There’s a lot to see in this area that we hope to visit on a future trip to this area.

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Campground Review: Lynchburg Thousand Trails, Gladys, VA

We’ve enjoyed checking out the mini-golf course here, although the “fairways” are pretty littered from the trees.  The biggest feature for me has been the wonderful trail around the pretty lake.  I’ve walked it everyday and I think its the nicest feature of this campground.  The adult lodge has a deck overlooking the lake and Jackie and I have taken our coffee down to the deck a few times.  We’ve also sat out and enjoyed the sky at night.  The sparsely populated park, the distance from the lights of town, some clear skies, and some cool lights have made for terrific star gazing.  We’ve been able to see the Milky Way, lots of satellites, and even a few shooting stars.

There are several interesting places to visit in the area.  Jackie will do a post on Appomattox, Thomas Jefferson’s Poplar Forest, and the like.  These places are all within 45 minutes of the campground.

We’ve enjoyed the full hookup site (30 amp electric) and excellent 4G cell data.  We are on C-Loop, apparently preferred by the seasonal residents.  However, the other side of the park looks just as nice and is closer to the pool and main activity center.

I can’t tell you what this park is like during the summer.  My guess is that its busy with lots of stuff going on.  I can tell you that here in the first week of “off season” that it’s been quiet and beautiful — a good peaceful, relaxing week.

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Campground Review – Chesapeake Bay Thousand Trails – Gloucester, VA

When you come to Chesapeake Bay Thousand Trails be sure to visit the camp store and get an ice cream.  Warning…you only want one “scoop.”  The serving is huge and two of you might just want to split a single scoop!

If you are a member of Thousand Trails and looking for a place to camp in the Tidewater Region, look no farther: this is it!

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Colonial Williamsburg – Yorktown, VA and area

 The other highlight of our time here was a visit to Yorktown.  We began our visit at the Yorktown National Park Visitor center where we watched and introductory film that helped us understand the driving tour.  We were surprised to see how close the two armies actually were as they prepared for to do battle.  The fact that Washington was able to march his forces, build the redoubts and do battle show determination and stamina on the part of the Colonials.  Of course, having the French fleet hold off the British Navy was a turning point, contributing to Cornwallis’ inability to retreat across the York River to Gloucester.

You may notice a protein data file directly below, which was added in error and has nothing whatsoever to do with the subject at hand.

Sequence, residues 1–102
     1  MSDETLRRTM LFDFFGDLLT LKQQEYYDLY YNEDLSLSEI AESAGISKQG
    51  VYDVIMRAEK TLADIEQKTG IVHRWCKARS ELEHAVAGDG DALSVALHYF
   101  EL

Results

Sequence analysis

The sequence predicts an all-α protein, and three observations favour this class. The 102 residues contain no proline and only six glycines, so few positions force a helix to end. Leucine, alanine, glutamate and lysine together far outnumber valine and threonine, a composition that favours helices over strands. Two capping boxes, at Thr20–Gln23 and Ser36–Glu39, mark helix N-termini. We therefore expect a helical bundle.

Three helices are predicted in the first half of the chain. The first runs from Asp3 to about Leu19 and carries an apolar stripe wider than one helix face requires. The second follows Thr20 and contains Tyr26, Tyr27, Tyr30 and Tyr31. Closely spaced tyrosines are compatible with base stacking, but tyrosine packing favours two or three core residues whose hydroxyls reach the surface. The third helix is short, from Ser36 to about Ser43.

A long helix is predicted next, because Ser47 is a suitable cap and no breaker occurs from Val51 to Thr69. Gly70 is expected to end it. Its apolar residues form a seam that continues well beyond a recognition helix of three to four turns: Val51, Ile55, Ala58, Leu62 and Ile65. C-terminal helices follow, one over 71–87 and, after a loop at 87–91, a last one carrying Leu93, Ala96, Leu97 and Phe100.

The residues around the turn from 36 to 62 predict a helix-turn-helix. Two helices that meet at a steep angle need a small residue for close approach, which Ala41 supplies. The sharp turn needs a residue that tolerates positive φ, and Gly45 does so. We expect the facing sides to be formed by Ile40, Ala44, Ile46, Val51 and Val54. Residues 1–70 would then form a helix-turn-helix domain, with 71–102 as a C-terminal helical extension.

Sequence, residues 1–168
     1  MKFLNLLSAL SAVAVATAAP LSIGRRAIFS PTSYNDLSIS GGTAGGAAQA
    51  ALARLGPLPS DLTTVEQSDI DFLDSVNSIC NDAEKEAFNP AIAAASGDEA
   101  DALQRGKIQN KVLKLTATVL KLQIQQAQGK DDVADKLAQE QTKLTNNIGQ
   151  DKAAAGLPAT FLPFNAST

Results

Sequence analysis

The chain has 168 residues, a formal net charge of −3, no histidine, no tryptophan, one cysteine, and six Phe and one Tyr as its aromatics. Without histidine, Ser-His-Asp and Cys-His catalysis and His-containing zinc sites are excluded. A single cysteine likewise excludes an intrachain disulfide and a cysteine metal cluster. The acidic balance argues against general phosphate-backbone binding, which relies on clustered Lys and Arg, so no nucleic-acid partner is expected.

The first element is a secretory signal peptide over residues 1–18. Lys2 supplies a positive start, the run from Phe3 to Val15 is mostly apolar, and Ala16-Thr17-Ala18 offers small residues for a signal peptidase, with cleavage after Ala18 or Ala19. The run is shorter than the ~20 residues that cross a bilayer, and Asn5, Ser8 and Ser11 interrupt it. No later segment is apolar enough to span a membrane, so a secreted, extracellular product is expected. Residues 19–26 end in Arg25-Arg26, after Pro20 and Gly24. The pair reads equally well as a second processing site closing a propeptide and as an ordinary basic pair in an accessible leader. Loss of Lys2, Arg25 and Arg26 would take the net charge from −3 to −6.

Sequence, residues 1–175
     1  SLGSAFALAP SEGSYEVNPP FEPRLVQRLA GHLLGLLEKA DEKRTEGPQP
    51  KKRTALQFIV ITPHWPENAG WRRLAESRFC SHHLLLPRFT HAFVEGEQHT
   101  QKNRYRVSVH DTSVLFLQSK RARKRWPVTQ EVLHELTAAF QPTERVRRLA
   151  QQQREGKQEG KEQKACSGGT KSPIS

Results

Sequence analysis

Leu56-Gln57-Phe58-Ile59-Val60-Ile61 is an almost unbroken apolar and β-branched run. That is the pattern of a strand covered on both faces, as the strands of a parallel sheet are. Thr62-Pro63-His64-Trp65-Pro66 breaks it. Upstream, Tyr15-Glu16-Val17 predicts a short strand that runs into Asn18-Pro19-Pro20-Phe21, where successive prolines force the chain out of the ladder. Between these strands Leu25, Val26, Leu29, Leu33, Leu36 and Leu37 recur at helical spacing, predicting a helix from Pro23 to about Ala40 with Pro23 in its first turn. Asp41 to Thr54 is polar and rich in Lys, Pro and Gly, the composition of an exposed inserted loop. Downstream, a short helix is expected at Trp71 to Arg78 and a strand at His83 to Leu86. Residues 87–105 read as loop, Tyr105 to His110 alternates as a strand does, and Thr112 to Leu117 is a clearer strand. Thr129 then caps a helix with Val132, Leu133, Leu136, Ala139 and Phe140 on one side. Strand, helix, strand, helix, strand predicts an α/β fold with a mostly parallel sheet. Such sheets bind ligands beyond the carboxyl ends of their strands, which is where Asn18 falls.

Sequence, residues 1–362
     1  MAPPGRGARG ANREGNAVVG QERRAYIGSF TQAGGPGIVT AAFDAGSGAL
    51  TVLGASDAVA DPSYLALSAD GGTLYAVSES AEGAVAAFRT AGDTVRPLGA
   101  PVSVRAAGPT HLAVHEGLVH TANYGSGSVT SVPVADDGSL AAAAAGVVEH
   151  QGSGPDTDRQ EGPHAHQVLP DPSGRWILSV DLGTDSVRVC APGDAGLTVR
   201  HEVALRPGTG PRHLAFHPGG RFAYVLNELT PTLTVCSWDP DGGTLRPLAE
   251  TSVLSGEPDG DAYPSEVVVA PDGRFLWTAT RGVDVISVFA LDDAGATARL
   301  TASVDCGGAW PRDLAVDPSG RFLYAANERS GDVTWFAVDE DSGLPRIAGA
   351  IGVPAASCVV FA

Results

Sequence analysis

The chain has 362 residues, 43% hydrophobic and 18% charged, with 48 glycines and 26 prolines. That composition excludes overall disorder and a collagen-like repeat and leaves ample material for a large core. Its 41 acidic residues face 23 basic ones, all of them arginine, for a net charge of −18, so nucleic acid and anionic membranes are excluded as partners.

During the driving tour we saw the restored Moore House where the terms for the surrender of Yorktown were worked out.  It’s a lovely home originally on 500 acres with a view of the York River.

Finishing our trip we rode the free trolley from the NPS visitors center to Yorktown and walked along Water Street by the River then took the trolley back.

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Skyline Drive, Front Royal, Udvar-Hazey Air and Space Museum

Our day at Shenandoah National Park driving Skyline Drive was a fun day trip.  We drove down a state highway south around 60 miles and then entered the park to travel the two lane twisting Skyline Drive back to Front Royal. The views are amazing all the way along. There are many pull offs where one can absorb the views and take lots of photographs.  There are welcome areas with restaurants with gift shops along the way but we opted to pack a lunch and eat at one of the overlooks.  We were lucky enough to see a few deer and actually saw a black bear.  By the time we could get turned around in hopes of getting a better look the bear had moved back into the trees. Scott just loved the drive and I agree that it is a great way to spend a day.

Being in this historic area I had to visit a little of the Civil War History.  There’s a full driving tour but we chose to see a very small portion. We saw the cottage of Belle Boyd who was a Confederate spy, Williams Chapel CME which was finished in 1845, and the home of a young woman named Lucy Buck who daughter of a prosperous planter and kept a diary throughout the Civil War.  We also visited Prospect Hill Cemetery where in 1882 the remains of 276 soldiers of the former Confederacy are interred. Ninety of the soldiers are identified and buried in a circle and the others are buried in a common grave in the center where an 18 foot high monument is erected above them.  The cemetery is a sobering reminder of the tragedy of war.

Our stay in this area has been quite enjoyable stay and we recommend it for both it’s scenery and it’s history.

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Campground Review: Skyline Ranch Resort – Front Royal, VA

Our journey down interstate 81 included miles driven in Pennsylvania, Maryland, West Virginia, and Virginia.  That sounds impressive but really, it was only a 3 hour or so trip.  The drive was an easy one without any traffic to speak of and no big hills to pull.  By early afternoon we had arrived at Skyline Ranch Resort near Front Royal, Virginia.

There are several nice features here: a nice activity center, a big pool, a nifty mini-golf course, a min-chapel that hosts regular church services, and several activities scheduled for the weekend.  We’re literally 10 minutes from Skyline Drive and Shenandoah National Park and about an hour from Washington DC.  There’s strong WiFi but it’s $3 a day.  I’ve opted to stay on my Verizon hotspot even though it’s a weak 3G.

If I return here I think I’ll lobby more strongly for a site with a bit of shade, 50 amps or not.  I’ll also mention that several reviews of this place reported stinky water. (update: according to a comment from the campground the water system has now been upgraded)  We haven’t found that however my external water filter is now very dirty and needing to be changed after just a few nights here.

With the unexpected fees, the field parking spot, and the dirty water balanced by nice amenities and a pretty good location, I’d give this place a score of 6 or 7 out of 10.